Fate of Maine Ranked Choice Law in Hands of Election Official: Maine was to become the first state to use ranked choice voting to pick a president but that option is uncertain because of an effort by the Maine Republican Party to repeal the state’s ranked choice presidential election law. Ranked choice allows voters to rate three or more candidates on a ballot from their first choice to their last. If no candidate wins 50%, the last-place candidate is dropped and those votes are redistributed. Read more from Adrianne Appel.

What Else to Know Today

NOAA Pressured to Back Trump-Dorian Claims: The National Oceanic and Atmospheric Administration faced political pressure from the Department of Commerce to support Trump’s claims last year that Hurricane Dorian may hit Alabama, according to the National Academy of Public Administration, a body authorized by Congress to review government conduct. The group confirmed two violations of the agency’s scientific integrity policy. Stephen Lee has more.

LGBT Decision Eases Path for Health Bias Battle: Civil rights advocacy groups planning to challenge the White House rule that eliminates anti-discrimination protections for LGBT people in health care just got a major boost from the U.S. Supreme Court. In a ruling yesterday, the justices said that anti-discrimination protections in the workplace extend to gay and transgender people. While the verdict focused on the definition of the word “sex” under the Civil Rights Act, scholars and attorneys said it will likely to have a direct effect on how sex is defined in a myriad of other laws, including the Affordable Care Act. Lydia Wheeler has more.

  • Separately on LGBT issues, employer-backed health insurance plans would no longer have to comply with a federal health nondiscrimination law after the White House moved to curtail Obamacare protections for LGBT people and those who’ve had or are seeking abortions. The rule, which lets health-care workers, hospitals, and insurers that receive federal funding refuse to provide or cover any services to those people, has wider implications, such as for those with disabilities, living with HIV/AIDS and others with extensive health needs or chronic conditions. Read more from Shira Stein.
  • The court’s landmark decision holding that employers can’t discriminate against workers based on their sexual orientation or gender identity has a glaring loophole: It doesn’t apply to small businesses that employ as many as one in six Americans. Read more from Erik Larson and Jeff Green.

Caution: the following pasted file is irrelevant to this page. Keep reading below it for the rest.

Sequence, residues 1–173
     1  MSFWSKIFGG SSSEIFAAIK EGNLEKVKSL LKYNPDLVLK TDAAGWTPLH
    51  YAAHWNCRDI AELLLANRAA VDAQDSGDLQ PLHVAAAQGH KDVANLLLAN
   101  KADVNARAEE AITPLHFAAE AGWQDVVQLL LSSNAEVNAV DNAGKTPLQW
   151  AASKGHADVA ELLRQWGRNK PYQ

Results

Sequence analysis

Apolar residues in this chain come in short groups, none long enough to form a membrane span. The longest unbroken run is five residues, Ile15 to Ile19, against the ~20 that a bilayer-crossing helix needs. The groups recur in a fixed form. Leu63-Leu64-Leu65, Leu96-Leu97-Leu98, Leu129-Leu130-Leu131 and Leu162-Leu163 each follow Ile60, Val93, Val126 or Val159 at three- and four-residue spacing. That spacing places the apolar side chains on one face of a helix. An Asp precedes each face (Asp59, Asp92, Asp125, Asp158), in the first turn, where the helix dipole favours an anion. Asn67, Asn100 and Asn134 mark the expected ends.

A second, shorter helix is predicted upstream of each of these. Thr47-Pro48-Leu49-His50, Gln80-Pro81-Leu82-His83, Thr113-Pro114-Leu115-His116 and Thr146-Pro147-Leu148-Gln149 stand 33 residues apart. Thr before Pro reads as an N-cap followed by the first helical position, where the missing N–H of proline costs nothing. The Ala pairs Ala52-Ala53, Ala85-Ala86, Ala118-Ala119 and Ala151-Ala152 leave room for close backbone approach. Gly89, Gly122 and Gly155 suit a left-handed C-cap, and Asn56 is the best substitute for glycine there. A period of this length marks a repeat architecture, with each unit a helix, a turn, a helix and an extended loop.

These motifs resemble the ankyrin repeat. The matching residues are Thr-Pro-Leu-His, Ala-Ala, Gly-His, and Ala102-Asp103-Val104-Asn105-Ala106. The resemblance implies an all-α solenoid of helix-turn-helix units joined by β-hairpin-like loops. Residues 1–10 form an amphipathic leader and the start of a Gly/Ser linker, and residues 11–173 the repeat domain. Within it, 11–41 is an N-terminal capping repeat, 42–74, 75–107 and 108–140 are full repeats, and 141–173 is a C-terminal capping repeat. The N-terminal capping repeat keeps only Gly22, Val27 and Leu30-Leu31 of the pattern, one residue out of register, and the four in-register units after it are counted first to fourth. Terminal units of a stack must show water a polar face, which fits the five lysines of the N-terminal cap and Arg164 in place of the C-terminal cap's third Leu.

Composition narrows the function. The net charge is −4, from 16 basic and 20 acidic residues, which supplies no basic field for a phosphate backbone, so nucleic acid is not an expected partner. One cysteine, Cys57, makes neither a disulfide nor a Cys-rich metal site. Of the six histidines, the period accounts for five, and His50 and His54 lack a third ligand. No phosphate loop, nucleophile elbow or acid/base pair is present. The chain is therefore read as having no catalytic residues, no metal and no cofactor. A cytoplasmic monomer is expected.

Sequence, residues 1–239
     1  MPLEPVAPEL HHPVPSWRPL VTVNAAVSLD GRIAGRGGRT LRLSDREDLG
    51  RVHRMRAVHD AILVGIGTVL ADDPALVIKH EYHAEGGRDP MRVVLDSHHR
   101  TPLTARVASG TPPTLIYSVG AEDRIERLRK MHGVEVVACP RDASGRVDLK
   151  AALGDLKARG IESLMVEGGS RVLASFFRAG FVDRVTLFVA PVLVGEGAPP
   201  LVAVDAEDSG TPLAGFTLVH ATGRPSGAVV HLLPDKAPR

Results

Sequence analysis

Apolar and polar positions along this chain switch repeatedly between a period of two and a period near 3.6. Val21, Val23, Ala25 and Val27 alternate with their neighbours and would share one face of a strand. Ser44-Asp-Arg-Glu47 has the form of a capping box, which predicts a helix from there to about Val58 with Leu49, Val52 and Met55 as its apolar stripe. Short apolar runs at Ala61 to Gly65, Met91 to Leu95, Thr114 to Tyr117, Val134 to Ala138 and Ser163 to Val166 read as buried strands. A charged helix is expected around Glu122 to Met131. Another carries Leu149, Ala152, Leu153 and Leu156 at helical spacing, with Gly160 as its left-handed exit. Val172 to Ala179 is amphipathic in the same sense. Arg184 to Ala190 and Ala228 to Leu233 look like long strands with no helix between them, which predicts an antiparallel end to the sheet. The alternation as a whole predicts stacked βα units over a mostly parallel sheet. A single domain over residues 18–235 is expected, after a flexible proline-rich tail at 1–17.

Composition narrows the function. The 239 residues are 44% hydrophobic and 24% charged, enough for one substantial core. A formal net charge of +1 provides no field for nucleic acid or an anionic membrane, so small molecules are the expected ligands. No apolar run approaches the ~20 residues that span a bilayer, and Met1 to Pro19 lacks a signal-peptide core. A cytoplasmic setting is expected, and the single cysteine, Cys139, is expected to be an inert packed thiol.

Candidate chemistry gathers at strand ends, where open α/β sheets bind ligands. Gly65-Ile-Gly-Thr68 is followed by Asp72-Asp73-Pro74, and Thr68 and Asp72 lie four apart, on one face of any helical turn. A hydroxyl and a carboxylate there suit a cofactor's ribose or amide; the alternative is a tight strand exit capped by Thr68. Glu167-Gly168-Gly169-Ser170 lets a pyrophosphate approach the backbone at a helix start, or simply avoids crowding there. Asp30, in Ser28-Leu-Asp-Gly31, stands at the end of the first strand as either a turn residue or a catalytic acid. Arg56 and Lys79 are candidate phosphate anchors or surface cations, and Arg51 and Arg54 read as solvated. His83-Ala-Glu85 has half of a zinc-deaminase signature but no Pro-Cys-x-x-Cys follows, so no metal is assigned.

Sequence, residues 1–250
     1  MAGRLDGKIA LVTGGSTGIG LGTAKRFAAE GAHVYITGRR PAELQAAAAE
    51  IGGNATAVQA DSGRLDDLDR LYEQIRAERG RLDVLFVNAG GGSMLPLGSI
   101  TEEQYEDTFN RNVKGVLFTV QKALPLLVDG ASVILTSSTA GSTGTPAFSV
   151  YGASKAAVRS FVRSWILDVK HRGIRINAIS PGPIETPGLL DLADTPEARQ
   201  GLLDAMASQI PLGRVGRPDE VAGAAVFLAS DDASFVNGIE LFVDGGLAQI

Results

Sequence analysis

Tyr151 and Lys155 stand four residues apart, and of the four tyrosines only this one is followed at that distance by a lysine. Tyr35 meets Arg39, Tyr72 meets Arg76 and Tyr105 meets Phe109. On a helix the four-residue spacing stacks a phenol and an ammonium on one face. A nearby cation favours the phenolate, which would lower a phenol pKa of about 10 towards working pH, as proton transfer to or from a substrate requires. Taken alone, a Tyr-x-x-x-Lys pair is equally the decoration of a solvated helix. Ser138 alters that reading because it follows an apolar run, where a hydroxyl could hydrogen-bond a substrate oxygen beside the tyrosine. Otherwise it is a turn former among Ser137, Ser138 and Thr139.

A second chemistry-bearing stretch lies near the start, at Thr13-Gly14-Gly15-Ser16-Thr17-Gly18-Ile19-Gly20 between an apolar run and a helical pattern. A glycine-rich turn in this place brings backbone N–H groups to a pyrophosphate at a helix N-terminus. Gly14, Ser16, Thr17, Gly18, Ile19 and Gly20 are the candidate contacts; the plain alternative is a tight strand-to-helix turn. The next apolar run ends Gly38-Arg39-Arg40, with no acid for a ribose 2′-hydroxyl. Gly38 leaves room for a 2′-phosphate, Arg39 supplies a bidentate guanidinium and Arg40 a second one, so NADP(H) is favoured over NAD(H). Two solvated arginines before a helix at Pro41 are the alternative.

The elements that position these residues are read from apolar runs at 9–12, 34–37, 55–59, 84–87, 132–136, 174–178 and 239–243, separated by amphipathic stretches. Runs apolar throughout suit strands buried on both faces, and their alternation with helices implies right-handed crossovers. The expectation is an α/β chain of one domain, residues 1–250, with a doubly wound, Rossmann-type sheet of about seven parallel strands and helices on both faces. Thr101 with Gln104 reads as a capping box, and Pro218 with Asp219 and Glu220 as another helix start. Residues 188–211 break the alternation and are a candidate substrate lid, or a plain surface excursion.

SCOTUS Urged to Toss Keystone Ruling: The Trump administration urged the Supreme Court to toss a high-stakes Keystone XL pipeline ruling that’s stunted permitting for oil and gas pipelines nationwide. Solicitor General Noel Francisco yesterday called on Justice Elena Kagan, who fields petitions arising in the U.S. Court of Appeals for the Ninth Circuit, to freeze a lower court order that blocked a streamlined water permitting process for new pipelines. Read more from Ellen M. Gilmer.

Clean Energy Job Losses Persist But Layoffs Slow: U.S. clean energy job losses continued rising in May, with 620,590 jobs lost since the start of the coronavirus pandemic, though the pace of layoffs slowed considerably, according to an analysis of federal labor data released yesterday. Clean energy has been hard hit by economic shocks related to the pandemic on the heels of robust job growth in 2019, when sector employment totaled roughly 3.4 million. Read more from Dean Scott.

T-Mobile Outage to Be Probed by FCC: A T-Mobile service outage, which kept thousands of customers from making calls or using data yesterday, will be investigated by the Federal Communications Commission. “The T-Mobile network outage is unacceptable,” FCC Chairman Ajit Pai tweeted last night, saying that the agency would launch a probe into the matter. “We’re demanding answers — and so are American consumers.” Read more from Scott Moritz.

Defense & Foreign Affairs

Pyongyang Says It May Send Military to DMZ: North Korean state media said Kim Jong Un’s regime is reviewing a plan to send its army into the demilitarized zone splitting the nation from South Korea. Read more from Bill Faries.

U.S., China Allow More Flights: The Transportation Department is amending its order to allow Chinese air carriers to fly four weekly flights between China and the U.S., Alan Levin reports. The amendment is in response to China approving U.S. carriers to fly four weekly flights to China, the DOT said in a statement.

U.S. to Allow Work With Huawei on Standards: The Commerce Department announced a rule allowing U.S. companies to work together with Huawei on standards settings for next generation 5G networks. Under the rule, technology can be disclosed to Huawei “for the purpose of standards development in a standards-development body without need for an export license” as if Huawei was not on the U.S. blacklist, according to a statement, Caitlin Webber reports.

Pentagon Cybersecurity Weaknesses Persist, Audits Find: The Defense Department “continues to face significant challenges in managing cybersecurity risks to its systems and networks” despite many improvements made over the last year, an inspector general summary found, Tony Capaccio reports.

To contact the reporters on this story: Zachary Sherwood in Washington at zsherwood@bgov.com; Brandon Lee in Washington at blee@bgov.com

To contact the editors responsible for this story: Giuseppe Macri at gmacri@bgov.com; Loren Duggan at lduggan@bgov.com; Michaela Ross at mross@bgov.com

Stay informed with more news like this – from the largest team of reporters on Capitol Hill – subscribe to Bloomberg Government today. Learn more.

Top